60,000 berths mean deals for cruisers
It hasn't yet been noticed by most commentators, but the cruise lines have scheduled what I estimate to be as many as 60,000 berths a week leaving from Miami, Fort Lauder-dale and other ports of Florida this coming summer.
That shift in capacity (away from the Mediterranean and Alaska, and to the Caribbean), brought to my attention by an eagle-eyed cruise discounter, will necessarily result in unusually low prices for a cruise vacation, despite the protestations of the cruise lines that their prices have firmed.
This shift in capacity is a massive one, and one that can't be denied, as we witness the following examples and figures:
Last summer, only one cruise ship operated weeklong summer Caribbean itineraries from Fort Lauderdale: the Carnival Freedom, sailing alternating six- and eight-night itineraries.
This summer will see no fewer than five ships sailing out of Fort Lauderdale each week: the new Oasis of the Seas (5,600 berths), the Celebrity Solstice (2,800 berths), the Emerald Princess (3,100 berths), the Grandeur of the Seas (1,950 berths) and the Carnival Freedom (3,000 berths) —between them needing to fill as many as 16,500 berths each week.
From Miami, you will find the new, massive Norwegian Epic (4,200 berths) sailing to the Caribbean each week starting in July, accompanied by what I count as at least nine other vessels — together needing to fill at least 28,500 additional berths each week. These ships assigned to Caribbean service for the entire summer are the Liberty of the Seas (3,600 berths), the Carnival Liberty (3,000 berths), the Carnival Valor (3,000 berths), the Carnival Destiny (2,600 berths), the Carnival Imagination (2,000 berths), the Carnival Glory (3,000 berths), the Norwegian Sky (2,000 berths), the Celebrity Century (2,850 berths) and the Majesty of the Seas (2,350 berths).
From Tampa, sailings to the Caribbean will be had on the Carnival Legend (2,100 berths) and the Carnival Inspiration (2,000 berths).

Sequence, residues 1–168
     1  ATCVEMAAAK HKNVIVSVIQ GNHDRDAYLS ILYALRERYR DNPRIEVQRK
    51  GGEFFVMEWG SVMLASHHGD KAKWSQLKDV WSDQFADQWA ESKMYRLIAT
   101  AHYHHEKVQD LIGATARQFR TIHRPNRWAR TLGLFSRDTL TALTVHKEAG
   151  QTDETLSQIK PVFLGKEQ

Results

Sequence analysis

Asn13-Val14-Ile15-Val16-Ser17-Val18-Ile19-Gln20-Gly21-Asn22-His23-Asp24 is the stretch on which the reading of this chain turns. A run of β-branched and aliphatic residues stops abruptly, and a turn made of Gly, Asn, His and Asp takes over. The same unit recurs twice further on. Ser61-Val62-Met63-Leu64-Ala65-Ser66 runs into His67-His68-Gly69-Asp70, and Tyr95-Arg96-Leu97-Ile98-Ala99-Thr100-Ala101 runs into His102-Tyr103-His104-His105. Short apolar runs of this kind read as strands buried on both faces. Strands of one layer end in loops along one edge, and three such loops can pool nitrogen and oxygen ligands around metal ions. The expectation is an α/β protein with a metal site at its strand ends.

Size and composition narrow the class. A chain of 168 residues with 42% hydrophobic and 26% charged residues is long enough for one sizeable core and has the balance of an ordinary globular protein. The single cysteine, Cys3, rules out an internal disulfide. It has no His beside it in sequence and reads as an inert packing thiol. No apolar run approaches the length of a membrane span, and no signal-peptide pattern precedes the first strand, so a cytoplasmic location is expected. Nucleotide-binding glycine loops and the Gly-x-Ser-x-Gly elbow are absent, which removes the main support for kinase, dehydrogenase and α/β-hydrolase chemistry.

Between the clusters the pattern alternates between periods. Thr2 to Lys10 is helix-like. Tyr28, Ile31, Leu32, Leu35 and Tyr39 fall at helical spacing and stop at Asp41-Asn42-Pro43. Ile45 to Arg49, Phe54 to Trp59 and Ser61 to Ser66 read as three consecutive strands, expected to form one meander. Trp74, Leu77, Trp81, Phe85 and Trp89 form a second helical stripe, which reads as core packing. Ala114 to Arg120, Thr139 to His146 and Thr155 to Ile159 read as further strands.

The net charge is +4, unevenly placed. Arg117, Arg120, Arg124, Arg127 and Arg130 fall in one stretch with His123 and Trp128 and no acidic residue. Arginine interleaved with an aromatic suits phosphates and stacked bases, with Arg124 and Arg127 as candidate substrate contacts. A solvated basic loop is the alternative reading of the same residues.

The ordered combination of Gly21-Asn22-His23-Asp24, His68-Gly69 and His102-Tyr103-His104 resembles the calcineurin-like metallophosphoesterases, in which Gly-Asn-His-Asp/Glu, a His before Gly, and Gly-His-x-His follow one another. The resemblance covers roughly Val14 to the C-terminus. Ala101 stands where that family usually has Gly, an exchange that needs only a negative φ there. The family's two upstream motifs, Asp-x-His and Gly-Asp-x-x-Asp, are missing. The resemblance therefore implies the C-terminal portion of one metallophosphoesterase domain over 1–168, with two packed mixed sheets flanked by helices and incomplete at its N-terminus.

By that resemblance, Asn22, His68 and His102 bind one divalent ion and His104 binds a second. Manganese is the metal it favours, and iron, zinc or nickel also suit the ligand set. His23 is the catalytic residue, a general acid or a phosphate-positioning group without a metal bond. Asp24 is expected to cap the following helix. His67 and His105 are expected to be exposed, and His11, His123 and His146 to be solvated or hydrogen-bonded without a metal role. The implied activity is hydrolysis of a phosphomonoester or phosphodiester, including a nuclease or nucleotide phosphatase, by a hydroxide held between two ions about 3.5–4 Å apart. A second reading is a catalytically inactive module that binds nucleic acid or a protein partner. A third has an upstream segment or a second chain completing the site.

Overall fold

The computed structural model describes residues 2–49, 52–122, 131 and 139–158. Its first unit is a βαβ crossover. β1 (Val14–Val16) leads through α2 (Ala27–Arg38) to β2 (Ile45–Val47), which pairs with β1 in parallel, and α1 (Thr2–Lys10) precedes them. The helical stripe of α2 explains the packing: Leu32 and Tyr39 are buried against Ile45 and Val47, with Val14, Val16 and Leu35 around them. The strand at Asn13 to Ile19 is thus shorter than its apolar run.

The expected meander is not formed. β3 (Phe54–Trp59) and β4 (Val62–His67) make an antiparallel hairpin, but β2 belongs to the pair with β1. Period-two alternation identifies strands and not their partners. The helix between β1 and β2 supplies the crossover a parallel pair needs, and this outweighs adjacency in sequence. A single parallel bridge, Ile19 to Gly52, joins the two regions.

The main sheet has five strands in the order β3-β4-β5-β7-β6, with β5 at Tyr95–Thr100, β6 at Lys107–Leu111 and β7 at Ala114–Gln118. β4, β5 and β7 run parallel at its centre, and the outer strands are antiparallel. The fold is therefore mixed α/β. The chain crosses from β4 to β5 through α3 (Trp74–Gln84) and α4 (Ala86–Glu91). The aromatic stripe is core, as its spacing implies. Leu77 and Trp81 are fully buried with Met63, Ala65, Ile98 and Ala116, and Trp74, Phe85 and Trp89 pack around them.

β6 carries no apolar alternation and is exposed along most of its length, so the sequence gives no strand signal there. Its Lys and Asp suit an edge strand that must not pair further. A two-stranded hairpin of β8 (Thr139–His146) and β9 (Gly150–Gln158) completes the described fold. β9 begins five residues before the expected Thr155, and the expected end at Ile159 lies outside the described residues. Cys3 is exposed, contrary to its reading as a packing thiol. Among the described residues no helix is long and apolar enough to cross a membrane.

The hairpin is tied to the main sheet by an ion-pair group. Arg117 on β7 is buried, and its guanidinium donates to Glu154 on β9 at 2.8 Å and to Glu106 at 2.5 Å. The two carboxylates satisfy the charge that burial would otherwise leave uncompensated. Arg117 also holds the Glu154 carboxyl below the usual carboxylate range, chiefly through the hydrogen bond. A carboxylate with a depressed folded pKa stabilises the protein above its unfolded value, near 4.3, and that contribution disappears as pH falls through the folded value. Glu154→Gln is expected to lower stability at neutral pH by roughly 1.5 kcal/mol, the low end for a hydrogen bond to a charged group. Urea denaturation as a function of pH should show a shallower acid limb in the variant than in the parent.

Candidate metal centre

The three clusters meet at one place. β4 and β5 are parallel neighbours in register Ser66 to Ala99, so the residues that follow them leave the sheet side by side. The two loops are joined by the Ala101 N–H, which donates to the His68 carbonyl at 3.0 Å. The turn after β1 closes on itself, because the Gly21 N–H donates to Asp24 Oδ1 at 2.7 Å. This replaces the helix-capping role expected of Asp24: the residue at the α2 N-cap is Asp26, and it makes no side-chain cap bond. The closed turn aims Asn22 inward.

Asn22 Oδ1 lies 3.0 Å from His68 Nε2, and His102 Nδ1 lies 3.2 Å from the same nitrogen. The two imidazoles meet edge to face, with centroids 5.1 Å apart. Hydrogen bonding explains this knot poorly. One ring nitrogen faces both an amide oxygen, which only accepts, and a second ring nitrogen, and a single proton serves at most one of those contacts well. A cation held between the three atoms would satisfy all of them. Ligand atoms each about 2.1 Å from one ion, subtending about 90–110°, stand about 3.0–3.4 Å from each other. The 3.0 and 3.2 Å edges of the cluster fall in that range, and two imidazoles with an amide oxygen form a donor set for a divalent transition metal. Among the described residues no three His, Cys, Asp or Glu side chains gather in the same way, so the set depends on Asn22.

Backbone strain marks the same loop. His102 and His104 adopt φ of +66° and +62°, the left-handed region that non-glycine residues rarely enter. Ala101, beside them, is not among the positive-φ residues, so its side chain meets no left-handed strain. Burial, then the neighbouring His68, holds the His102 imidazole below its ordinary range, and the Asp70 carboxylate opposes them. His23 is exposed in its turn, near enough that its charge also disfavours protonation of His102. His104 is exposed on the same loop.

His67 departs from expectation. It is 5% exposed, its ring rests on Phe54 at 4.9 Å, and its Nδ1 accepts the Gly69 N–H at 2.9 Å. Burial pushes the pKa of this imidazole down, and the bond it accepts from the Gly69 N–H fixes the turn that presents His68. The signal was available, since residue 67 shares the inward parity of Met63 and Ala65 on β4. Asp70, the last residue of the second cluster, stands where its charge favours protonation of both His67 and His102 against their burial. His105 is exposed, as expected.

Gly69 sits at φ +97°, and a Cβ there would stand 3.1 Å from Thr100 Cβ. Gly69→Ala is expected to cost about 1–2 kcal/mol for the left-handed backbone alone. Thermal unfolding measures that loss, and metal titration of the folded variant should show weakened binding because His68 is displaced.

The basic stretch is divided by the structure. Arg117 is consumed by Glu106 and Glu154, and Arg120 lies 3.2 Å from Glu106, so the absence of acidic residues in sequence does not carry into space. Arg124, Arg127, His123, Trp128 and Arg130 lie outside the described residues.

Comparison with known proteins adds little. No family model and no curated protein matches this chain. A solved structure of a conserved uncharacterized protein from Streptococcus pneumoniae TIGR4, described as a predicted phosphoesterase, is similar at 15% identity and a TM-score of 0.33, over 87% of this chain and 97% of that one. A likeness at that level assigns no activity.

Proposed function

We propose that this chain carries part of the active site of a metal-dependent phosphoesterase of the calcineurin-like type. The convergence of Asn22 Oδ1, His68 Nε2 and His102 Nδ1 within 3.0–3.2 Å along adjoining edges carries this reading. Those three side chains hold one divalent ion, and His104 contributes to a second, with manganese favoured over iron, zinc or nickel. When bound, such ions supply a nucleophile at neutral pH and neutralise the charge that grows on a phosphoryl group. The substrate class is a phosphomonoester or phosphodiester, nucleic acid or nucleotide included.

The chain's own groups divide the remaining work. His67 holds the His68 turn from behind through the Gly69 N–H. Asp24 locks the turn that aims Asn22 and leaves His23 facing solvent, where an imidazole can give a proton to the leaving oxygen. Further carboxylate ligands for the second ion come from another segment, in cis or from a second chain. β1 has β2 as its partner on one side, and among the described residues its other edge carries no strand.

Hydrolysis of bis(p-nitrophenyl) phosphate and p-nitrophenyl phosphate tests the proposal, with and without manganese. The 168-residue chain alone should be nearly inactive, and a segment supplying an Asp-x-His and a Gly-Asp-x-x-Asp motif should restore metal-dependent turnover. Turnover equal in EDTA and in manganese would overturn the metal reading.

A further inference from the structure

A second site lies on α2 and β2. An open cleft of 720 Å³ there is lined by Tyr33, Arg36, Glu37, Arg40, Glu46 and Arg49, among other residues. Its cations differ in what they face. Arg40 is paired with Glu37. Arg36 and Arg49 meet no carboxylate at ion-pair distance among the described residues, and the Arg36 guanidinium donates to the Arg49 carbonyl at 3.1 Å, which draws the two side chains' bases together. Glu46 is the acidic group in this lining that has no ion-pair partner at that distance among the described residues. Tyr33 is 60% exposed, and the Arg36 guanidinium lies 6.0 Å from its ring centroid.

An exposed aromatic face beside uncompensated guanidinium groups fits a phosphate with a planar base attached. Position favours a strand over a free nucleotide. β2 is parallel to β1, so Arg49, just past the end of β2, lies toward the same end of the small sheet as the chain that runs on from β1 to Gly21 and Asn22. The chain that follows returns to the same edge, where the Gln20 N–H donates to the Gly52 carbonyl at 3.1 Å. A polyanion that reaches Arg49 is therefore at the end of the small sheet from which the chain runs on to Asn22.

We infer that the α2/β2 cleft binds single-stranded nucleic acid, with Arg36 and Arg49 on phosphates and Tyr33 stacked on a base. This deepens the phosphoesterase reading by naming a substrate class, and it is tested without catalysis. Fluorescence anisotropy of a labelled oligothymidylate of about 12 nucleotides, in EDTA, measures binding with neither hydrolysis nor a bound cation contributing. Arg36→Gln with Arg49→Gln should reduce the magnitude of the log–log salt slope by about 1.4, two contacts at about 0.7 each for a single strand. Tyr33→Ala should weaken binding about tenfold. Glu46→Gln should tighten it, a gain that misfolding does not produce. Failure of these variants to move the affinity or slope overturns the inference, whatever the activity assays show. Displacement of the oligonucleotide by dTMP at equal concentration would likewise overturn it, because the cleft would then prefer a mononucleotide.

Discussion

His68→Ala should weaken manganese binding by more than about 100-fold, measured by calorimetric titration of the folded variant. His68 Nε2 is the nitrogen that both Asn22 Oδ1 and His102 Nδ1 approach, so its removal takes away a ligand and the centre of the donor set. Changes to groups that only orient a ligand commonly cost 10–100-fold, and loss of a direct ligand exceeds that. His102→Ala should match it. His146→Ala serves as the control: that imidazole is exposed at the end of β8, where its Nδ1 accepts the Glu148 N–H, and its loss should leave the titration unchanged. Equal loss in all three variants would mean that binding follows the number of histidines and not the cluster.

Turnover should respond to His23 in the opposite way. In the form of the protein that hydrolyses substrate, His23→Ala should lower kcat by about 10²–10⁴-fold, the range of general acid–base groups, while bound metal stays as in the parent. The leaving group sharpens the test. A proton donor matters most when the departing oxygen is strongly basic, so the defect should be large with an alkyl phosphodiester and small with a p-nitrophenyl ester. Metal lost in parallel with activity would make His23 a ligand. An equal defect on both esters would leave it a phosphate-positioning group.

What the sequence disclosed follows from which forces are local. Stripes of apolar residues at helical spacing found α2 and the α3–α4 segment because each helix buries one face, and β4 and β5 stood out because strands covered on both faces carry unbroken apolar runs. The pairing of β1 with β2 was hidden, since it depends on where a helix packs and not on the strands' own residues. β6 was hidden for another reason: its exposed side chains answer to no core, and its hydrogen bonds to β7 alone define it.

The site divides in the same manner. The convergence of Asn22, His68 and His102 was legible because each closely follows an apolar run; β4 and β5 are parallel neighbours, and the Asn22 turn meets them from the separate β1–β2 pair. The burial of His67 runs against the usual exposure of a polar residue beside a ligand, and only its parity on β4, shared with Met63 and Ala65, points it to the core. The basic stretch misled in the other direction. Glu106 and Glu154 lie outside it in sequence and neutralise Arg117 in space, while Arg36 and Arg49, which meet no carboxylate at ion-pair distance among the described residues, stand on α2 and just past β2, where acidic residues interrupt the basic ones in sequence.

And finally, from Port Canaveral, there will be weekly sailings to the Caribbean of five other ships: the immense, 3,600-berth Freedom of the Seas, the giant Carnival Dream (3,600 berths), the Monarch of the Seas (2,700 berths), the Carnival Sensation (2,000 berths) and the Disney Wonder (2,400 berths) —a total of 18,400 berths.
Sixty thousand berths a week! All from Florida, on itineraries going heavily to the giant shopping malls located at or near the ports of St. Thomas, St. Maarten and Nassau; going occasionally to Costa Maya (an artificial beach area built and owned by the cruise lines); and spending a great deal of time simply at sea. Here is a further explanation of the low prices currently offered for such highly desirable ships, such as the Celebrity Solstice on its summer cruises to the Caribbean, about which I expressed surprise in a recent column.
The only way these ships will be filled is through rock-bottom prices that start as low as $499 for a week, $299 for a four-night cruise.
They will be heavily marketed through cruise brokers such as www.cruisesonly.com, www.onlinevacationcenter. com, www.whitetravel.com, www.leisurelarry.com, www.vacationstogo.com, www.americasvacationcenter. com, www.cruises411.com, www.cruisecompete.com and many others, and through the Web sites of the cruise lines themselves.
An hour or so spent at these sources of travel bargains may suggest a summer vacation for your own consideration.Arthur Frommer is the pioneering founder of the Frommer's Travel Guide book series. He co-hosts the radio program The Travel Show with his travel correspondent daughter Pauline Frommer. Find more destinations online and read Arthur Frommer's blog at frommers.com.
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